“Reality” TV…

I don’t really watch much reality TV – or I should say “reality” TV. My reasoning behind not watching too much “reality” TV is primarily because it’s not really reality TV. Even if the show remains unscripted and “raw,” there are still cameras in front of ordinary people. I don’t know about you, but when there’s a camera directly in my face or even off to the side, I generally am not myself. Either I act entirely unlike my normal, quiet self or I’m incredibly nervous and either extra quiet or I stutter a lot. It probably isn’t this way for all reality TV shows, but, for the most part, they’re stimulated reality.

Reality to me is very boring. I’m single, I work part time, I go to school full time, but my classes aren’t too demanding. I have a lot of downtime that I don’t really do too much with. And even if I didn’t have a lot of downtime, my life is still pretty boring. There are a few thrills here and there, like when I watch a really close football game or if I get into a shouting argument with someone because they irritated me beyond belief. But those moments are very few. Most of the time I’m just going through the motions of my day; but when I watch a “reality” TV show, I see something totally different.

I must say that these shows have changed over the years. I know that The Real World used to be just a bunch of people living together for a year or so while the cameras rolled and caught their every movement. But then a sister show spawned three years later, Road Rules, and added a specific twist, an agenda, to the whole show. And now most shows have some kind of game to it all, some kind of twist to make things a little more interesting. And I believe these make reality TV shows into “reality” TV shows; reality is no longer real, but fabricated, even if it isn’t scripted. Simply by having the cameras there, the realness of reality becomes altered.

There is one particular show that comes to mind as a perfect example: All Worked Up. I watched a couple episodes a few weeks ago and it was pretty hilarious what people would do when their cars were being repossessed or they were being served subpoenas because they were being sued or divorced or whatever. But what I wondered after watching all those episodes was whether these people would really act “all worked up” had the cameras not been there? It seemed to me that once they saw the cameras, their emotions were stimulated and they’d grab their shotguns, say a few more profanities or merely just act more macho to try and show the world they were a tough guy.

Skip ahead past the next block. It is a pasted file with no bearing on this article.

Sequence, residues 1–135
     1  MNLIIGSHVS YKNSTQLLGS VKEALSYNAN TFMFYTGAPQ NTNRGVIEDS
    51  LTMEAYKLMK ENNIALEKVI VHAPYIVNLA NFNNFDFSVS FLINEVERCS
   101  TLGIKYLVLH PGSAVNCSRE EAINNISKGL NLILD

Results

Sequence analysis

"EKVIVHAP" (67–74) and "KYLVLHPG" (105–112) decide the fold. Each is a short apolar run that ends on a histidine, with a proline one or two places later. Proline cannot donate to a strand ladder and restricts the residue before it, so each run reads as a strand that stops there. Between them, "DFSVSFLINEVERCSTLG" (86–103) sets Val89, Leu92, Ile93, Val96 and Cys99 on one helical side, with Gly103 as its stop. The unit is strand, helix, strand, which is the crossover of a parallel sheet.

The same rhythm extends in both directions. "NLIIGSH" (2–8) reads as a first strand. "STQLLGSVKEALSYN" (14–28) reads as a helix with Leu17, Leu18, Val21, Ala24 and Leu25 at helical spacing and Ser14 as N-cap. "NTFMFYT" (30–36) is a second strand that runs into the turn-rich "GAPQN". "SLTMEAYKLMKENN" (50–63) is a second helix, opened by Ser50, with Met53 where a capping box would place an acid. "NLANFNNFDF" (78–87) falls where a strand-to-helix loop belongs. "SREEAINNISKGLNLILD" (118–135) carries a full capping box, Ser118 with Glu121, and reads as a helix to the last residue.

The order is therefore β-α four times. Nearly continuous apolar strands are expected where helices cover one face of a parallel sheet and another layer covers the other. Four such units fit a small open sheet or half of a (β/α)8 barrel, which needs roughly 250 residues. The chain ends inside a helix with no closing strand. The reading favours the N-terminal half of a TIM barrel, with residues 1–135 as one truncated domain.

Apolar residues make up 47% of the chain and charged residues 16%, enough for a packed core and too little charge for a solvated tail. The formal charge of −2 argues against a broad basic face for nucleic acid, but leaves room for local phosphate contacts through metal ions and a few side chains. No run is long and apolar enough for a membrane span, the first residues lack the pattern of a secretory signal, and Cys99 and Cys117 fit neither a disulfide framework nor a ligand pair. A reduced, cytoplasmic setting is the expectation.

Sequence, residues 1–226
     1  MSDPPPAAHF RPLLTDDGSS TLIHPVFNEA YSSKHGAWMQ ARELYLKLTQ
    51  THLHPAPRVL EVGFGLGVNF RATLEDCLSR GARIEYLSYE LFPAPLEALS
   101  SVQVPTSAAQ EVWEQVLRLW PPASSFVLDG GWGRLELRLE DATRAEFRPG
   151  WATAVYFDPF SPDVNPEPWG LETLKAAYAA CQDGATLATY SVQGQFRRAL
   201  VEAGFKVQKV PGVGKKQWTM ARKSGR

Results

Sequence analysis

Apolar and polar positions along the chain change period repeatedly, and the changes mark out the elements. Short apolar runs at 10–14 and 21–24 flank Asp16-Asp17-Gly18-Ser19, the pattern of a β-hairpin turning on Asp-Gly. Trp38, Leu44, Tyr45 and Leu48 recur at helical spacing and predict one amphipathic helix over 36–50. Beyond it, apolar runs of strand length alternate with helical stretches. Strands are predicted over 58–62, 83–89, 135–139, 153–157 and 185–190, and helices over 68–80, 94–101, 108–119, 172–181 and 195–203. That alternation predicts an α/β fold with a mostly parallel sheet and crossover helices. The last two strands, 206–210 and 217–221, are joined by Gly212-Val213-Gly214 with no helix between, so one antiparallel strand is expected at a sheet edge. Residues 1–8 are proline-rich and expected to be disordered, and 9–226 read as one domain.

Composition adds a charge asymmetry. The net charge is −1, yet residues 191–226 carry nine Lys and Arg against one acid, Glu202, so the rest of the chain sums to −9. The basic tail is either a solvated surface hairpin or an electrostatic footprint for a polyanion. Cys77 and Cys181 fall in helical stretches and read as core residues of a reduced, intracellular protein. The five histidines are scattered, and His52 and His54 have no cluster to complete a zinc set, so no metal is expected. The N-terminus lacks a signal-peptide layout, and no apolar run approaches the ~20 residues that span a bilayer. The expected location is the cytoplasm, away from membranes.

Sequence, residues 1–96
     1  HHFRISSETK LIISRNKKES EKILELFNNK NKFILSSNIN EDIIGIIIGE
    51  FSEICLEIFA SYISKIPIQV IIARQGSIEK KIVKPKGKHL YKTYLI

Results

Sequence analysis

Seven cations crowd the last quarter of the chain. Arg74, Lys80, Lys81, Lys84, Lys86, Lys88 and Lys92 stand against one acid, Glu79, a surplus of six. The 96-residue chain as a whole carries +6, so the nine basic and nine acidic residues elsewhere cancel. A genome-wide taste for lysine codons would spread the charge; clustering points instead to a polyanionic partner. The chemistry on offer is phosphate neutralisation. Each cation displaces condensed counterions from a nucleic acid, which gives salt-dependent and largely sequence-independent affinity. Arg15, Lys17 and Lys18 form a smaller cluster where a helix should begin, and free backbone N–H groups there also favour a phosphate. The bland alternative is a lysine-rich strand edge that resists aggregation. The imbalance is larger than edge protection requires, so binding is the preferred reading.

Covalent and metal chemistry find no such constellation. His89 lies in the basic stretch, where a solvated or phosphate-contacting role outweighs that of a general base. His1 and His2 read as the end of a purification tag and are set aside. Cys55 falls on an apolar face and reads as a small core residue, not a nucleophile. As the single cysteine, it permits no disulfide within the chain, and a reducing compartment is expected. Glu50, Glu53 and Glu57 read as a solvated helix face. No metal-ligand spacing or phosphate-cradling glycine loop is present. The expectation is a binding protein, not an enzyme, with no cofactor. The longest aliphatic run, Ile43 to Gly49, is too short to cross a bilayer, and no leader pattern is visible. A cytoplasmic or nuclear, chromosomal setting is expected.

Whether or not this is true is still irrelevant because at the end of the day, the editors have chopped out all the stuff they didn’t like or didn’t think would be entertaining to viewers, so even then the “reality” of it all becomes skewed and distorted. Editors might take the time to portray certain people in certain lights in order to make the show more interesting. Real reality TV, I believe, would be a hidden camera constantly filming someone without them being aware of the camera. And there wouldn’t be anything edited, either, because that would take away from the reality of it all. It’d just be an hour of someone walking around their apartment, their kitchen, or their bedroom doing random things like picking their noses or scratching their butts. Those shows would be funny to me because they’d actually be real, but I doubt they’d ever get aired because I’d probably be the only viewer.